Storm's passage across Chile leaves 60,000 homeless
SANTIAGO, Chile (AP) -- A powerful storm left some 60,000 people homeless
in a midweek rampage across central Chile, flooding low-lying parts of the
capital with the heaviest rains in years before diminishing Thursday.
Three days of rain tapered off Wednesday after soaking the capital,
Santiago, and a wide swath of the countryside. Heavy snow blocked border
crossings with Argentina.
The storm, which brought high winds and rains, signaled the approach of
in the South American hemisphere.
Chilean President Ricardo Lagos delayed a flight to Colombia for a regional
summit and surveyed
inundated farm fields and slum neighborhoods by helicopter, ordering out the armed forces after
declaring an emergency.
"The army has spread out to the affected neighborhoods, and is working
task of removing the mud," said Lagos. While tens of thousands of Chileans
remained displaced for a second day, many others began returning home as
Health authorities warned Thursday of a possible outbreak of influenza
respiratory diseases, say a combination of cold weather and water-soaked homes
made the elderly and young particularly vulnerable.
In the capital, the departing storms cleared the air and afforded unusually
sparkling clear vistas of the snowcapped Andes mountains nearby, giving
residents a reprieve from the gritty smog that envelopes Santiago much of the
At higher elevations in the towering Andes chain, heavy snowfall was reported.
Wednesday, key border crossings with neighboring Argentina were reported closed
and some 300 trucks stranded. On the Argentine side, authorities reported snowfalls
between 1 and 2 meters (3-6 feet) with resort owners rejoicing at the prospect of a
surge in skiers.
Interior Minister Jose Miguel Insulza said the storms, affecting a large
portion of central
and southern Chile, were among the worst in 20 years and had left some 39,000 homeless in
the interior -- the rest in or near the capital.
Hundreds of army conscripts, backed by teams using heavy equipment, were
dispatched Thursday to the hardest-hit neighborhoods. The soldiers joined civilians
in bucket brigades that cleared water from homes and used shovels to remove mud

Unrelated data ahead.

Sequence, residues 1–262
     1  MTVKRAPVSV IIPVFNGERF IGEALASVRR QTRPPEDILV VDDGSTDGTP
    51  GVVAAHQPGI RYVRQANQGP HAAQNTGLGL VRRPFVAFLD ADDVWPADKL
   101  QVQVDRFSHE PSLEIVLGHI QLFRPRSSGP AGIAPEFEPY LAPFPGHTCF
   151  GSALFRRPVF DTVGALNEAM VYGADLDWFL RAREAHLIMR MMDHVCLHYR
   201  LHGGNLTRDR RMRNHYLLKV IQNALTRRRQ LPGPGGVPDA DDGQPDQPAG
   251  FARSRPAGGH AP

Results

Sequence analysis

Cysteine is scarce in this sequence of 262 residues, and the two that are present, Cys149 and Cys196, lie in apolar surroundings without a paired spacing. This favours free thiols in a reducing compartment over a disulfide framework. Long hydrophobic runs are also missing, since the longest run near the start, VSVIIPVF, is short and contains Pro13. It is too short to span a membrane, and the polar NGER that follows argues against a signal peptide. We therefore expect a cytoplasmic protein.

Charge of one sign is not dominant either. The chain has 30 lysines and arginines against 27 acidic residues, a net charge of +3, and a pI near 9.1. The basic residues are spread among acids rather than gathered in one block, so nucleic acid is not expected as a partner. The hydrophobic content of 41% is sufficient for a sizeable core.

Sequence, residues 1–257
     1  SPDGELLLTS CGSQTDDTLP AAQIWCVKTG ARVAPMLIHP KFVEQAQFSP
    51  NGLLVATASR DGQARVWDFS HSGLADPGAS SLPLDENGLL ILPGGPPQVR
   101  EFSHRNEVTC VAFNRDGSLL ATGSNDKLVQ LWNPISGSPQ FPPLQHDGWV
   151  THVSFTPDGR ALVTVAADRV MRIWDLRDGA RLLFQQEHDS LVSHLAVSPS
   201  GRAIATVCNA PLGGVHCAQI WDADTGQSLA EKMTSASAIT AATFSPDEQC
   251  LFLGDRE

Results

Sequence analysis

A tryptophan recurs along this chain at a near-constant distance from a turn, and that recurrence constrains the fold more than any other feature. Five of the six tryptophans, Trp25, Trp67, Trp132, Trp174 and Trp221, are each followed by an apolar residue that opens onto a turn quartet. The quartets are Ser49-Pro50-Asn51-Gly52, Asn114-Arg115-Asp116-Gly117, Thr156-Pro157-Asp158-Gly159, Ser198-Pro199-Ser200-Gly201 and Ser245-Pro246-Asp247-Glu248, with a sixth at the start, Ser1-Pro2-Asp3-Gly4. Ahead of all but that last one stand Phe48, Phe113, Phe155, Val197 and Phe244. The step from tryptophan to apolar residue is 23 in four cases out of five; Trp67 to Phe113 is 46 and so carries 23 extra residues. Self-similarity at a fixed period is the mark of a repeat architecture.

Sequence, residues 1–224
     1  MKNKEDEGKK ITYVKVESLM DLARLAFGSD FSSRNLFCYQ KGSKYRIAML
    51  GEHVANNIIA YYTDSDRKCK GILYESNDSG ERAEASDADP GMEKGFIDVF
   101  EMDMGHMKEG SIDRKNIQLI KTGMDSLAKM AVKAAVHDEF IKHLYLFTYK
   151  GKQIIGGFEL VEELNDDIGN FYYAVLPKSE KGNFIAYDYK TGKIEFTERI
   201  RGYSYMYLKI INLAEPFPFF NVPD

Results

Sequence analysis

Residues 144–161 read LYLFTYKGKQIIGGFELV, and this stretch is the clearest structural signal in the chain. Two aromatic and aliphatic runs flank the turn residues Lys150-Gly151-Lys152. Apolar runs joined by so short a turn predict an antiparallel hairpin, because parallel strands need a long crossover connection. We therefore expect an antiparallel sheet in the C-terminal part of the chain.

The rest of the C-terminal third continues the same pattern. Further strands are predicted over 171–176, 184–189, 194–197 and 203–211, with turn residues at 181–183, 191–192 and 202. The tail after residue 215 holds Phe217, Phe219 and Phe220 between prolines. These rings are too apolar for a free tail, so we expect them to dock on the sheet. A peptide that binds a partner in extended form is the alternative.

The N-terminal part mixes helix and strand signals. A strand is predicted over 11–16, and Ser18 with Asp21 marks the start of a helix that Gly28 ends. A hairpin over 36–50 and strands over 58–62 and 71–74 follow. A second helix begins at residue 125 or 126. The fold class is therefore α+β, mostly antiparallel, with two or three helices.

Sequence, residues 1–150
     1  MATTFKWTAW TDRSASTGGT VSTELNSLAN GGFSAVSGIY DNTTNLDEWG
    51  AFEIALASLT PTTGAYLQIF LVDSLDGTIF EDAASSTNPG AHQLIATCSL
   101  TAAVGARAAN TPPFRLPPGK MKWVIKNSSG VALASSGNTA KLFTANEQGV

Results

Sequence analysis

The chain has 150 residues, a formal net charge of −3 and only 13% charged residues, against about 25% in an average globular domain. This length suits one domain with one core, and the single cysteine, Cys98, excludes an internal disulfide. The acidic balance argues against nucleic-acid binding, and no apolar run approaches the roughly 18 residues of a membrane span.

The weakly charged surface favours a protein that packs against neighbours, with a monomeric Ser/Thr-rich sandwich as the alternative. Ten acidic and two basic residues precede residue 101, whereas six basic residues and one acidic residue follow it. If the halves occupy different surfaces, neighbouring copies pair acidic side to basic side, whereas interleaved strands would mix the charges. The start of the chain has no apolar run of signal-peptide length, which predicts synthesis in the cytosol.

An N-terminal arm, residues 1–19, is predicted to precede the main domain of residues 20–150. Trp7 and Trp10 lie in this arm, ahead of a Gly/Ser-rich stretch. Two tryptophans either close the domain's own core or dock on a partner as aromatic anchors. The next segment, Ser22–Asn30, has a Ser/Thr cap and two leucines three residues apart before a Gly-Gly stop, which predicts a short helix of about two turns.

and debris from neighborhoods and clogged storm drains.
Army trucks were enlisted to move entire families left homeless and calls
out for donations of roofing materials, bedding, clothing, canned foods and
disinfectants to clean schools inundated by backed up sewer systems. Many
merchants spent the day clearing away water and debris outside their shops.
Some of the homeless were placed in a new community of small homes that
built as government housing project and thrown open to the public ahead of
Maria Iturra was among the storm victims who pleaded for government
assistance. "Our mayor must help us, it is his obligation," said Iturra, who said
her modest home was already in bad shape from past rains.
Elsewhere in the capital, most schools suspended classes for a second day
Thursday and university students heeded a government call to take part in an aid
campaign for the victims. The government opened a bank account for donations.
In order to free $2 million in government aid, Santiago and the neighboring
Pacific port of Valparaiso had been declared disaster zones. Valparaiso was hit
by flooding, while landslides were reported outside that city.
On Wednesday, some 75 percent of the streets in the capital were submerged
the storm's height. The Mapocho River, which crosses through the capital,
overflowed its banks, flooding fields on the outskirts of the city. Many routes
into the capital were closed because of the water.
Hardest hit were working class neighborhoods and slums. Many more have
left homeless because of flooding in the interior of the country.